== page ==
Did you know that the cab of the California Zephyr once served as a real locomotive?
The California Zephyr was a railroad line that ran between Chicago and San Francisco from 1949 to 1970 and apparently the train that served as the entrance to Bur-r-Bank Ice Cream, Baker’s Field Bakery and Engine Ears Toys was the shell of a real locomotive.
Disney recently closed down the shops and has begun the removal of the train. In doing so, Disney decided to donate the cab to the Western Pacific Railroad Museum in Portola, California. The numbers that were displayed on the cab, 804-A, were the same numbers that the last locomotive to lead a west bound California Zephyr into Oakland, California on March 20, 1970 also displayed.
The removal and construction is part of the 1 billion dollar makeover of Disney California Adventure Park.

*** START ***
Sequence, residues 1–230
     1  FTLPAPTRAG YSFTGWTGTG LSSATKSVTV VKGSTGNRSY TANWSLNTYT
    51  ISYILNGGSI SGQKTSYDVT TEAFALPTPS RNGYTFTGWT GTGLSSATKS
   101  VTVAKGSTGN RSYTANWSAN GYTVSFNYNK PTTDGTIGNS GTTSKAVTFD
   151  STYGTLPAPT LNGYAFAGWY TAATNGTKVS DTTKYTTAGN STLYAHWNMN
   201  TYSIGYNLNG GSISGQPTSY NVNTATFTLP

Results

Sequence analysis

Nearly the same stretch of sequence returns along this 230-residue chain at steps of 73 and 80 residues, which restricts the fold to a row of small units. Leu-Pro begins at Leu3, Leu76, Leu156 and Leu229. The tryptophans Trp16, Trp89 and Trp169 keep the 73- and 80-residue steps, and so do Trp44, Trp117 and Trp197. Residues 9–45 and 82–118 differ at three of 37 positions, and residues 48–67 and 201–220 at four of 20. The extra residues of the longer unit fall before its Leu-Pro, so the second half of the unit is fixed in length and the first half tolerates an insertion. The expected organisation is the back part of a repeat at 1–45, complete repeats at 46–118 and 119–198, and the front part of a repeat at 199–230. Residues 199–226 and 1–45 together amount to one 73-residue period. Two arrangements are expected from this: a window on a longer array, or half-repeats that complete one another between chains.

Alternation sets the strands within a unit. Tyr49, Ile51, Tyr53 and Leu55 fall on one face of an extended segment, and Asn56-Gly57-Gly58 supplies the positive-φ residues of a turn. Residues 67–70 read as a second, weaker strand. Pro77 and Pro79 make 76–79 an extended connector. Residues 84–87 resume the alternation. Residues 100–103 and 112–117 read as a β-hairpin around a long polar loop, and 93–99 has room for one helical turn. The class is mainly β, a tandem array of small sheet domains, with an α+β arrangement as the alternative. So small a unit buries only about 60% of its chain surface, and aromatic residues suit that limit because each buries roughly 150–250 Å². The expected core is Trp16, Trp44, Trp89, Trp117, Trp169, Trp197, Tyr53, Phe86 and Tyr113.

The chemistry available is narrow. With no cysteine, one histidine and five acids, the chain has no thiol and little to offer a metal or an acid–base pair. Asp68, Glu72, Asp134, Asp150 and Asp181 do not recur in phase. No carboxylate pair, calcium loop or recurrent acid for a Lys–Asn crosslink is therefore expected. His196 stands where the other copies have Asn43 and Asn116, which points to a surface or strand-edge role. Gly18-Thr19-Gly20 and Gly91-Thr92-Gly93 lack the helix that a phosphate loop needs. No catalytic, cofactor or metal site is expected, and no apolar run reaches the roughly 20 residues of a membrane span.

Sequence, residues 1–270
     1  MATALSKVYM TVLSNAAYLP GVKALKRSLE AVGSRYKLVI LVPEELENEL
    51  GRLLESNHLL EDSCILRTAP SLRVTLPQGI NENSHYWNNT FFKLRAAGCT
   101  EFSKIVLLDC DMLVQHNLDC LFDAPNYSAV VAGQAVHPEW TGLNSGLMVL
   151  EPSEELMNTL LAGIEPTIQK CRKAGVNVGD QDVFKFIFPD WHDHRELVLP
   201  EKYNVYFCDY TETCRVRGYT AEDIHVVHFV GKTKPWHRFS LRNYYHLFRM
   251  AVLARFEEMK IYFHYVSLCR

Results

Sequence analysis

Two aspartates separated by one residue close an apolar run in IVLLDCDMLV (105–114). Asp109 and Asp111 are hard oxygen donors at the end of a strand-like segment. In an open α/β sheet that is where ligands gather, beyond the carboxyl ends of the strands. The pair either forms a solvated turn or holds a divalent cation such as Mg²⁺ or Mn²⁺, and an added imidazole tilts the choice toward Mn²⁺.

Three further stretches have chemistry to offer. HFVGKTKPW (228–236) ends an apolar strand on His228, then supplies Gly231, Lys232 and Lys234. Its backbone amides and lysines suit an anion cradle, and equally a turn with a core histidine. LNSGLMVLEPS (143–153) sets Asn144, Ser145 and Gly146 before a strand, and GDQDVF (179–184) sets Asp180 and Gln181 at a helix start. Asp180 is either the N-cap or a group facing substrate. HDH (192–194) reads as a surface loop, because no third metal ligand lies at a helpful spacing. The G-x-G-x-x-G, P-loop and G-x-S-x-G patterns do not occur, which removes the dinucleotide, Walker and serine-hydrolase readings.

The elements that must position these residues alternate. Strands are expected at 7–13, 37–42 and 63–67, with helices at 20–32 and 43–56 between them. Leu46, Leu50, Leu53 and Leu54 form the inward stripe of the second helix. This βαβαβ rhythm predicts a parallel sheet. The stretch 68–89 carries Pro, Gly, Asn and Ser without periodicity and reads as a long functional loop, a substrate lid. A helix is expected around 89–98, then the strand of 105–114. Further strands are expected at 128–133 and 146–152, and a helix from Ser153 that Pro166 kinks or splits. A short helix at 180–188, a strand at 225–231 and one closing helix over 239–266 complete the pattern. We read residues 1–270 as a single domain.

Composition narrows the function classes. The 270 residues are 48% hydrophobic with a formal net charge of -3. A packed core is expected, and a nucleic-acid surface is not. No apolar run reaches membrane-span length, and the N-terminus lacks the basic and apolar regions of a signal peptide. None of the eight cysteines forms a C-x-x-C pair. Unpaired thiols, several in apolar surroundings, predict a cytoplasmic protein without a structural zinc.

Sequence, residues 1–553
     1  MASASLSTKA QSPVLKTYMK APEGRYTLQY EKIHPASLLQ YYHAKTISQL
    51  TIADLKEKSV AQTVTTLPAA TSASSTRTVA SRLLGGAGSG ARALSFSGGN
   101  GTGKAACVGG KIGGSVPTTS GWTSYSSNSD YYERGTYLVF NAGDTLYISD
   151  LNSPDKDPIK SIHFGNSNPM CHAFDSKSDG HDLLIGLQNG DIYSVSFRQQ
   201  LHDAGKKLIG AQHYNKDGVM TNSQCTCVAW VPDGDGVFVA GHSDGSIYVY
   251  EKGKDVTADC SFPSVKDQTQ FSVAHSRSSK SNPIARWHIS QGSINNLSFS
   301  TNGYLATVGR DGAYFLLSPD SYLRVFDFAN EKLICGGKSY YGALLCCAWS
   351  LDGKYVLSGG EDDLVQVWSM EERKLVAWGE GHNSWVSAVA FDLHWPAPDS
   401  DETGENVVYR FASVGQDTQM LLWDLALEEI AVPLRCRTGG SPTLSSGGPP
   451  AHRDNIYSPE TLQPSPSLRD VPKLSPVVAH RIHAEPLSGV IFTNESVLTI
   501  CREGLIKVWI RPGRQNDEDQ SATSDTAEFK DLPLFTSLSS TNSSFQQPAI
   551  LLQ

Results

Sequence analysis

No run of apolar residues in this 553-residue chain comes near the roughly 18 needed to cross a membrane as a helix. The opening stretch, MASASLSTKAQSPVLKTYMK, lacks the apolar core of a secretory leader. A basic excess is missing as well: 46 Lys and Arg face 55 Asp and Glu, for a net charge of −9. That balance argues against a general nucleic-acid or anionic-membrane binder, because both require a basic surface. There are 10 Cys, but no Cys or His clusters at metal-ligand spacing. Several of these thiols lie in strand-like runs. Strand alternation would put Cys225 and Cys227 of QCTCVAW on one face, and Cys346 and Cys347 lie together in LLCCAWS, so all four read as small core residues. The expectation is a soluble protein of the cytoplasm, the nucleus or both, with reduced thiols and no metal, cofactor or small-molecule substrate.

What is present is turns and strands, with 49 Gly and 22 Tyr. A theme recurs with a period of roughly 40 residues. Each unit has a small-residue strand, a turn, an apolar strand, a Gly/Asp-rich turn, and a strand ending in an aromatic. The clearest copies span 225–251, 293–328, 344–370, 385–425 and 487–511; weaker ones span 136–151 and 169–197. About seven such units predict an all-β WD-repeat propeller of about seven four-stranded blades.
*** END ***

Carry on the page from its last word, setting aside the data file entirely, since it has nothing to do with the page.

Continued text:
The following is from the Parks Blog:
The train and related artifacts arrived at their new home August 6 and will become part of the museum’s Zephyr Project collection. Plans for a gallery dedicated to sharing the legacy of the California Zephyr are underway.
Visitors to the museum will learn about the history of the famous 1950s passenger train through the donated artifacts, while the recreated locomotive will offer the chance to experience what it was like for engineers to guide the stainless steel Zephyr trains through California’s Feather River canyon.
- The cab once operated as a real locomotive.
- It is an authentic rendition of the Western Pacific Railroad – one of the three railroads that operated the California Zephyr between Chicago and San Francisco from 1949 to 1970.
- It wears the same number as the last locomotive to lead a westbound California Zephyr into Oakland, Calif. on March 20, 1970.
- The California Zephyr is one of the most celebrated “name trains” of the 1950s and 60s.
Check out the video below to watch as the Zephyr begins to make its way to its new home.